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A LESSON IN PAPERBOY

Short story By: Philip Roberts
Humor



About the inane psuedo-English papersellers talk!


Submitted:Dec 30, 2010    Reads: 57    Comments: 0    Likes: 0   


Sharon Mullions allowed herself to be led through the crowded streets of Melbourne by her cousin, Barbara McDaniels. A native Californian, Sharon prided herself that Australia was merely a poor-man's United States, or "America in microcosm" as she liked to say, in a bid to impress her cousin with her University of California sociology degree. As the Melbourne lunchtime crowd jostled her on both sides, Sharon thought, "That's one thing the two countries have in common, peak hour crushes!"
The two women stopped at the streetlights at the corner of Flinders and Swanston Streets, facing toward the famous facade of Melbourne's Finders Street Station. When the lights changed to green the two women hurried across to climb the steps to the small arcade leading to the various platforms.
As Sharon took out her ticket to show to the guard at the top of the ramp leading down to platforms six and seven, a teenaged paperboy thrust a rolled up newspaper under her nose and shouted, "Errol Inal raped her, and about time too! Errol Inal raped her, and about time too!"
Shocked, Sharon stopped in her tracks and asked, "My God, did he really say what it sounded like?"
"Errol Inal raped her, and about time too," repeated the paperboy. "Errol Inal raped her, and about time too."
Almost through the gate to the ramp, Barbara McDaniels stopped and returned to where her American cousin was standing and said, "I don't know, what did it sound like he said?"
"Errol Inal raped her, and about time too," repeated the paperboy on cue. "Errol Inal raped her and about time too."
"Listen," insisted Sharon and the paperboy repeated his message.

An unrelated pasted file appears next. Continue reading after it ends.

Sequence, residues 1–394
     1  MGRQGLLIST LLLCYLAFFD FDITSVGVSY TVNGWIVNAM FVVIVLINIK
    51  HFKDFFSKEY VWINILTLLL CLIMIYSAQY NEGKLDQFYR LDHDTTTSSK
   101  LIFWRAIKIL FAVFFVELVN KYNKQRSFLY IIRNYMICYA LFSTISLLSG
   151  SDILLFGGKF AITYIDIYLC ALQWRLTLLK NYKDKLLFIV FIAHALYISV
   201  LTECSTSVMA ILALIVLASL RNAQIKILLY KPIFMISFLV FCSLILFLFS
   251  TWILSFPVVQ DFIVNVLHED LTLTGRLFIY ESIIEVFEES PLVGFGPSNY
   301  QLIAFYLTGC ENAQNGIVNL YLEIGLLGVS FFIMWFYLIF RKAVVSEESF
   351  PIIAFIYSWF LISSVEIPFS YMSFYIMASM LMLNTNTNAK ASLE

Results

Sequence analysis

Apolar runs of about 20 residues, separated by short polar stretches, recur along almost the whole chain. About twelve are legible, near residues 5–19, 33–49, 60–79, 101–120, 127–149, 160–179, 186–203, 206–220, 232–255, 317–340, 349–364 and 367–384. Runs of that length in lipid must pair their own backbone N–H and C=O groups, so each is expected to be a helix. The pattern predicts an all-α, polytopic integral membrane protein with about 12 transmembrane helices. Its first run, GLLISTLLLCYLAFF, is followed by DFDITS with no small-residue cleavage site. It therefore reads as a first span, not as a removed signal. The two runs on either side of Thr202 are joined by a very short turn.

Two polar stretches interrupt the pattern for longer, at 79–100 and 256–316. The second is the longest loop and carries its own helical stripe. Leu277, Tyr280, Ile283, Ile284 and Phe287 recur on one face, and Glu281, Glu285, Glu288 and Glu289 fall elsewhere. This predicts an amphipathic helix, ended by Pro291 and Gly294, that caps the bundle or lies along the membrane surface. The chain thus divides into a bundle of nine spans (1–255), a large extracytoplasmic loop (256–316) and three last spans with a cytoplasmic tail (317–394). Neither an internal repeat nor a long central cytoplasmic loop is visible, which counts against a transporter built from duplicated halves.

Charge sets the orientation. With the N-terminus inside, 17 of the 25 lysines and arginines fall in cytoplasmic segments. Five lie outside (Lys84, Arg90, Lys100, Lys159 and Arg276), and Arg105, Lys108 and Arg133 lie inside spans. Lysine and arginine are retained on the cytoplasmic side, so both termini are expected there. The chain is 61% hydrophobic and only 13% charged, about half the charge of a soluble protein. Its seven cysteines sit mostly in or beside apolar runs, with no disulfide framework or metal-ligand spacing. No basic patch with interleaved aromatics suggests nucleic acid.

"So what? He's got to call out like that to sell his newspapers. That's his job," said Barbara, thinking, "Don't they have newspapers in the United States?"
"Errol Inal raped her, and about time too."
"I know it's irritating, but they all call out like that. Haven't you heard them before? After all you've been in this country for eight days now!"
"She makes it sound like eight years!" thought Sharon. Aloud she said, "Called out that a woman had been raped!"
"What? He never said anything...?"
"And that it was about time that it happened?"
"Errol Inal raped her and about time too," repeated the paperboy.
"What in the world are you babbling about? He never said anything about a woman being raped," said Barbara.
"Yes he did!" insisted Sharon, thinking, "They talk about the crime rate in America, but things must be a lot worse in Australia, if the people can be so callous about such a heinous crime as rape!"
"Don't be silly. Your problem is that you just don't understand Paperboy. What you have to keep in mind is that Melbourne paperboys don't speak English."
"They don't?" asked Sharon.
"Errol Inal raped her, and about time too."
" No, they don't."
"Then what language do they speak?"
"Paperboy, of course," said Barbara. "It's a language in its own right. As far removed from English...as the American lingo is, for instance....